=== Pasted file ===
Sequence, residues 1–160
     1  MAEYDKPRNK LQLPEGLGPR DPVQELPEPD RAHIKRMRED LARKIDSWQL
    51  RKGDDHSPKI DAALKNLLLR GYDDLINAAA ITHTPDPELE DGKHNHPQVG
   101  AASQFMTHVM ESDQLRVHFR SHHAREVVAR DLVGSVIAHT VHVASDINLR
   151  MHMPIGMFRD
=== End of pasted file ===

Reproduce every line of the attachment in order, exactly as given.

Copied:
Sequence, residues 1–160
     1  MAEYDKPRNK LQLPEGLGPR DPVQELPEPD RAHIKRMRED LARKIDSWQL
    51  RKGDDHSPKI DAALKNLLLR GYDDLINAAA ITHTPDPELE DGKHNHPQVG
   101  AASQFMTHVM ESDQLRVHFR SHHAREVVAR DLVGSVIAHT VHVASDINLR
   151  MHMPIGMFRD